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Favorite onboard preamp

Discussion in 'Basses [BG]' started by Hollow Man, Mar 19, 2005.

  1. Hollow Man

    Hollow Man Supporting Member

    Apr 28, 2003
    Springfield, VA
    My first post as a supporting member. :)

    I'm considering buying a custom jazz with single-coil Barts and a passive preamp in it. If I were to buy the bass, I think I'd like to upgrade the preamp to something active. I've heard a lot about the J/U-Retro's, and I'm intrigued by them. However, I don't know much about the Aguilar OBP-1 and OBP-3, the Sadowsky 2-band, or any of the Bartolini models. For all who have played through any or all of these models, which ones do you prefer, and why? What are the pros and cons of each, in terms of sound, flexibility, etc.? For what it's worth, I'd be using this bass mostly for thumbstyle and jazz-ish stuff... no rock.
  2. Hey Hollowman,

    I'm no expert on this but I'll give you what I know. I am having a bass custom built right now and went through this same issue. The luthier (Chris Stambaugh) said that the preamp will only highlight the frequencies that the pups already give you. If the pups don;t have them, the preamp can't replace them. The preamp justs boosts whats already there. That is not to say that the preamps won't have different effects on the same setup, but the pups are far more important to getting your sounds than the preamps. So far, my only experience is with a cheap ibanez preamp. I think it's bartolini, but nothing nice. It came with bart MK-1's. I hear about the obp-3's all the time. You should get some good feedback about Aguilar and bartolini's. A lot of folks have them.

    Good luck!
  3. lowphatbass

    lowphatbass ****

    Feb 25, 2005
    west coast
    The preamps you mentioned can and do have different needs in terms of knobs and switches. It is not always a cool thing to add an extra knob or switch, but it depends on the situation. I just swapped out a bart 2 way 9v with an aguilar OBP-3 18V and was not about to drill an extra hole in my bass for a knob or hog-out the control cavity for an extra battery, but with proper planning anything can be done. The OBP-3 pre's are really micro and have some pretty mighty SACK!!
  4. Whafrodamus


    Oct 29, 2003
    Andover, MA
    I love the J/U retro.
  5. Wilbyman


    Sep 10, 2003
    Parkersburg, WV
    Out of everything I've tried, I think I like the Smith pre the best. I haven't tried the new model with adjustable mids, but I would like to. It's very very musical...the highs never get hissy, the mids are voiced great for cutting through a mix and not getting ugly, and the low knob will give you beef without boominess.
  6. Hollow Man

    Hollow Man Supporting Member

    Apr 28, 2003
    Springfield, VA
    Thanks for the advice so far guys! Keep it coming.

    jay_t: I understand that the pickups control what frequencies go into the preamp, but that is not my concern. I have every confidence that the Bart single-coils that are in there now will be fine, but I'm interested in adding an active preamp that will expand upon the range of sounds that I can get.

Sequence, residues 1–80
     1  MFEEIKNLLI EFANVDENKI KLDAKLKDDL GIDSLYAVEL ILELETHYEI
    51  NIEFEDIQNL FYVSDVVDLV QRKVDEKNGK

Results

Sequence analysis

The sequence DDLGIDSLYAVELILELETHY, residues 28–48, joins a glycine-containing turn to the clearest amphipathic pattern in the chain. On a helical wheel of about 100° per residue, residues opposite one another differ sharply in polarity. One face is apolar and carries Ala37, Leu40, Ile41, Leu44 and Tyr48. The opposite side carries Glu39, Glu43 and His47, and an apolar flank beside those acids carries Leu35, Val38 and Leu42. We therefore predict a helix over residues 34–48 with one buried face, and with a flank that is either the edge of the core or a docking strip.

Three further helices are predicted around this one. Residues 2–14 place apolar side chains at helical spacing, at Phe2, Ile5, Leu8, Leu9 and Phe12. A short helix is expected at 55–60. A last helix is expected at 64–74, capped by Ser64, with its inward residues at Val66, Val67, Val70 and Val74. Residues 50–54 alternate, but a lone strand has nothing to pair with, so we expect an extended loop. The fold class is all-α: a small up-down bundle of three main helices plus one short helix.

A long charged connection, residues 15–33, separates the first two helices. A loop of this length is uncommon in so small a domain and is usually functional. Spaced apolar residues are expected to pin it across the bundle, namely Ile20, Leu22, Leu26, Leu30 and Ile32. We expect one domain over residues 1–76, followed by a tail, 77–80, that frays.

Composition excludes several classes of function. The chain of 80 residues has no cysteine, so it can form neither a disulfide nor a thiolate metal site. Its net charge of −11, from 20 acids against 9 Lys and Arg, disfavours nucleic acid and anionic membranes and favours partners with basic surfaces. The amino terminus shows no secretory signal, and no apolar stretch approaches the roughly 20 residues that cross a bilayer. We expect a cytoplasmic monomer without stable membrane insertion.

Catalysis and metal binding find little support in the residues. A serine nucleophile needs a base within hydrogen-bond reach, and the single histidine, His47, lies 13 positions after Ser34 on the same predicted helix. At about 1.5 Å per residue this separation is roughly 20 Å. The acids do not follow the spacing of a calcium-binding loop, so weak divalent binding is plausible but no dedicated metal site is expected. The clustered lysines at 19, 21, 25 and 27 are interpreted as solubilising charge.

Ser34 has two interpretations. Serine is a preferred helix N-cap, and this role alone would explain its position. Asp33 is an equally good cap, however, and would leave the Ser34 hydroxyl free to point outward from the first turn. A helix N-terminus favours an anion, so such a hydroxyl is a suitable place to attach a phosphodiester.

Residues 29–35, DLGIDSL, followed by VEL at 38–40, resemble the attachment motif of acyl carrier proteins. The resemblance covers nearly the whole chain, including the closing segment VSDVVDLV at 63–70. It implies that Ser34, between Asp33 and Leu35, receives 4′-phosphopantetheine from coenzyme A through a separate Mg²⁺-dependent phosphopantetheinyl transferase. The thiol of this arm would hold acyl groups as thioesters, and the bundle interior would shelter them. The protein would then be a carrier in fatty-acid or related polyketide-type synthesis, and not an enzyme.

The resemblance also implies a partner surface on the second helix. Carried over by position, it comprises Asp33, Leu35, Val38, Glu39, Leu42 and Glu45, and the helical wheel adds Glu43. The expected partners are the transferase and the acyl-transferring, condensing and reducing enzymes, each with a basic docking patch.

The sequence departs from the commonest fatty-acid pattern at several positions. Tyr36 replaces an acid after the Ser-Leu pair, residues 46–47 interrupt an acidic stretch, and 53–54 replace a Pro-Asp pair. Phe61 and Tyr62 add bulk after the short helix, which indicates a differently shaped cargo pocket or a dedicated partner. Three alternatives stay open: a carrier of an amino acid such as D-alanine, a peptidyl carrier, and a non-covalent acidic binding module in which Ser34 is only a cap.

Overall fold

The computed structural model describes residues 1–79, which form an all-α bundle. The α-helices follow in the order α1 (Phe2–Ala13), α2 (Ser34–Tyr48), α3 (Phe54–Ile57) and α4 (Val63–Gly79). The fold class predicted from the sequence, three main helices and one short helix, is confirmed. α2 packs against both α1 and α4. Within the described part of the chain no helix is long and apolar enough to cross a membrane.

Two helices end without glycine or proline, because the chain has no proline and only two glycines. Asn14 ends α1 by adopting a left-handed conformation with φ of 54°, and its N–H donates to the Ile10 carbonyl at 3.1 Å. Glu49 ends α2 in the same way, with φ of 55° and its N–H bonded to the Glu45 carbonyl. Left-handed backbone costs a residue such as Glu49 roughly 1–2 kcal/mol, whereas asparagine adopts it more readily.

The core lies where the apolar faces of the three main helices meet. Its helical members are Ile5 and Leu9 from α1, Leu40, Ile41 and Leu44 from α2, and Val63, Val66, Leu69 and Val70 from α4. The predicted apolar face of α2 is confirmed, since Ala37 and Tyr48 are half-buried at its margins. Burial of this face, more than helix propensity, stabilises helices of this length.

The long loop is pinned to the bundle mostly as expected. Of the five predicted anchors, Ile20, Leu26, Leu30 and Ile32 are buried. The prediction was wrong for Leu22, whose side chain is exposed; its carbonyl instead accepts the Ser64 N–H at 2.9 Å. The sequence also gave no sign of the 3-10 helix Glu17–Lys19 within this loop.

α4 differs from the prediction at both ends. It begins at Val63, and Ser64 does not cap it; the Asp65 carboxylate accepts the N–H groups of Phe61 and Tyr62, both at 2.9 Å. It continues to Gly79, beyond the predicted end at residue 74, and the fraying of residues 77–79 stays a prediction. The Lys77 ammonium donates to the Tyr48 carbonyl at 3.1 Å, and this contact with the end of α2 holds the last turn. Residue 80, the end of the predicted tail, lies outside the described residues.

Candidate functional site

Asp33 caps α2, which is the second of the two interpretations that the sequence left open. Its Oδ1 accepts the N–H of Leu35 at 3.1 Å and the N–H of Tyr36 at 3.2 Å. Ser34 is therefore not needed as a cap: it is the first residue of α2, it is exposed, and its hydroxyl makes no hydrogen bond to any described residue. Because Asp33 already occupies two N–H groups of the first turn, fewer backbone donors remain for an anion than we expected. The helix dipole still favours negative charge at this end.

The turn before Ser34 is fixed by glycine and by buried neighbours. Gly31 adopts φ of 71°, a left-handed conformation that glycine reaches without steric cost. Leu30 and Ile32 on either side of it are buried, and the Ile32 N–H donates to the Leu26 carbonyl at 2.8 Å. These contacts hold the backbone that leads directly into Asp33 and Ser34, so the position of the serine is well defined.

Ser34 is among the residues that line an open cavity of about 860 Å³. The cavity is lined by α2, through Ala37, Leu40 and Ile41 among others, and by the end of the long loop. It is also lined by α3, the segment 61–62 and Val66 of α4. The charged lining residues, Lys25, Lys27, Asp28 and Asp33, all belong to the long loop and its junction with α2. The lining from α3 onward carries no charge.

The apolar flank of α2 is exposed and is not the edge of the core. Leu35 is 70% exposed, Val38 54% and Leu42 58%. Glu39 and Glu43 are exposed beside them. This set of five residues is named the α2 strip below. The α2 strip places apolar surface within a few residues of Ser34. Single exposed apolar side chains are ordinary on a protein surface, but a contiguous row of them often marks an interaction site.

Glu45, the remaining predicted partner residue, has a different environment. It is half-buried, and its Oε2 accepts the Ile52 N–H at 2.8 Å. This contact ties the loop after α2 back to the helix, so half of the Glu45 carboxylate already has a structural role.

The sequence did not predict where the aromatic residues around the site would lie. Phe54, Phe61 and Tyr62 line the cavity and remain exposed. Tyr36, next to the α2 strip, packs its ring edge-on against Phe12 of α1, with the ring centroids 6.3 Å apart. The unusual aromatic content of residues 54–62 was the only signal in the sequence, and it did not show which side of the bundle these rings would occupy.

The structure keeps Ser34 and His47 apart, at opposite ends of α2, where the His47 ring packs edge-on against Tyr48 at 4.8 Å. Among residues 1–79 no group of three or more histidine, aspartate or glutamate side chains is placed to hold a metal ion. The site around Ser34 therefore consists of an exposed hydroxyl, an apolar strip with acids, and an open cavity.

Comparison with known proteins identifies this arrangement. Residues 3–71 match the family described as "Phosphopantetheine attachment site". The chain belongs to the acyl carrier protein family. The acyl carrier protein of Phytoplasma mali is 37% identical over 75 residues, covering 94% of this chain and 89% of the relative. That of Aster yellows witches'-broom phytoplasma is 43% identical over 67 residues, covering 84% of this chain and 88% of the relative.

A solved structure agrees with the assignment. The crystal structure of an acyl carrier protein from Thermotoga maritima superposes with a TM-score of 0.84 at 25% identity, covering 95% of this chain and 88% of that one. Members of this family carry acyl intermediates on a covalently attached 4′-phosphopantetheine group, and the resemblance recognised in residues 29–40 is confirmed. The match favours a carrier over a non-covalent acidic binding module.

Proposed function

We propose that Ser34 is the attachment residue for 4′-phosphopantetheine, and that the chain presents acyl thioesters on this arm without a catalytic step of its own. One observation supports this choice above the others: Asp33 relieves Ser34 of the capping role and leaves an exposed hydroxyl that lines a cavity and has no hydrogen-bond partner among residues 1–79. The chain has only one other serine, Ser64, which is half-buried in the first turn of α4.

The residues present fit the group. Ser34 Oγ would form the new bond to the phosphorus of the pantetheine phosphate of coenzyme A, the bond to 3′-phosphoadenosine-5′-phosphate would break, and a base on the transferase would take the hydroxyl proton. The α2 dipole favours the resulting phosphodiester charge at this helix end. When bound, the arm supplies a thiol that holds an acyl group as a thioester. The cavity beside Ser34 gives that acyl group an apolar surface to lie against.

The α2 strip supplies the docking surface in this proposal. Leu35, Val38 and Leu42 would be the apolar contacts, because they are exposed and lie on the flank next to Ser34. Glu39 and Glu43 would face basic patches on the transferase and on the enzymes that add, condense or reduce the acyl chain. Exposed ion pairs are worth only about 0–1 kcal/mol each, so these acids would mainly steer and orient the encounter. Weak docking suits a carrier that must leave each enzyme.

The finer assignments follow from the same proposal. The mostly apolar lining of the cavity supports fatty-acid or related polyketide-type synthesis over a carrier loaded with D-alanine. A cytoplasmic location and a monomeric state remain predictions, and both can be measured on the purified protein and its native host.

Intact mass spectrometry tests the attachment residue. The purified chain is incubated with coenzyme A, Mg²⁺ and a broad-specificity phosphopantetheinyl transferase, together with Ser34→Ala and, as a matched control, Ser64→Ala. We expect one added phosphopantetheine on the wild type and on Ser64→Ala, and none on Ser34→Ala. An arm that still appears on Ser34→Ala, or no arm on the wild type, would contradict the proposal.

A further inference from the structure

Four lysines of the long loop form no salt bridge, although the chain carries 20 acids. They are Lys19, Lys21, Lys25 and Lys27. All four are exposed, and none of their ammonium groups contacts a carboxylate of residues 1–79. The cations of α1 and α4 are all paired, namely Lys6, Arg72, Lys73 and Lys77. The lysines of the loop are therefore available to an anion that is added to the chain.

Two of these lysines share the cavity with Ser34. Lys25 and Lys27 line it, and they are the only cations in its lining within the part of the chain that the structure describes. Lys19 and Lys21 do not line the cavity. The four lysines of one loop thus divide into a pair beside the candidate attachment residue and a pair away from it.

Whafro: If you don't mind my asking, what do you like so much about your J-Retro?

    Thanks for mentioning other preamps that I hadn't even considered. Feel free to not limit your comments to the four that I initially brought up. I'd also love to hear some comparisons from people who've had the chance to try several of these or other preamps. Thanks again!
  7. Moo

    Moo Banned

    Dec 14, 2002
    Oakland, CA
    What's all this crazy talk about passive preamps and passive options that run through the preamp? ;)

    If it runs through a preamp it's active. And I've never heard of a pickup that's missing frequencies, weak maybe but not missing. A good parametric EQ can get any frequency to dominate out of any normal bass.

    That said I'm a big fan of the Bart TBIBT. It's a simple 2 band with buffered blending of pickups that keeps the volume consistent wherever the pan pot is set. To my ears it's always smooth without the harshness I hear in Duncan or EMG preamps. Passive options are a drag on this one since you have to bypass everything.
  8. From what I tried, Music man, Fender Marcus Miller, Sadowsky, EMG and F Bass...
    The F Bass kills the other one in my tatses...
    for the simple reason that it can achieve all my crazy sounds in my hands....
    Very wide range of sounds!

  9. Hey Moo,

    Don't ask me. When I was selecting pups, I was looking at two versions of the Bart X series. Chris Stambaugh said that the thicker of the two was much darker and were missing some frequencies that a preamp won't be able to put back in. So I'm guessing he knows mmore than I do. It may just be that those pups were designed for something more specific than most other pups. Who knows? :D
  10. I have tried two pre-amps in my bass. It came with an 18V 3-band Bartolini (NS3TMB-18 or something like that). That one was really strong on mids, which was nice for fingerstyle but I could never get a decent slap tone out of it. I then switched to a Demeter 3 band. It sounds like a completely different bass. The slap tone is killer. The lows and highs are dominant with less pronounced mids. This is a great sounding pre-amp. Oh, the pickups are Bartolini soapbars. Hope this is useful info.
  11. SteveC

    SteveC Moderator Staff Member Supporting Member

    Nov 12, 2004
    North Dakota
    I currently have Bartolini pup's and pre's in my basses - 5.4 A/P 3 way mid select. All the basses I've had in the past - Lakland, Modulus - have had Bartolini. I just like the tone.

    I've also used J-Retro and Sadowsky in Jazz basses with great success. The Sadowsky was with Sadowsky pups. The J-Retro was with DiMarzzio Ultra Jazz pups. I think the Sadowsk was the best.
  12. PlayTheBass

    PlayTheBass aka Mac Daddy Supporting Member

    Dec 7, 2004
    Carmichael, CA
    I'm going to throw in my vote for no preamp -- I've had several over the years, and while I still like the Moon AC-1 in my Jazz, more and more I've come to realize passive is best. To me, it's the most organic, full, open, responsive sound.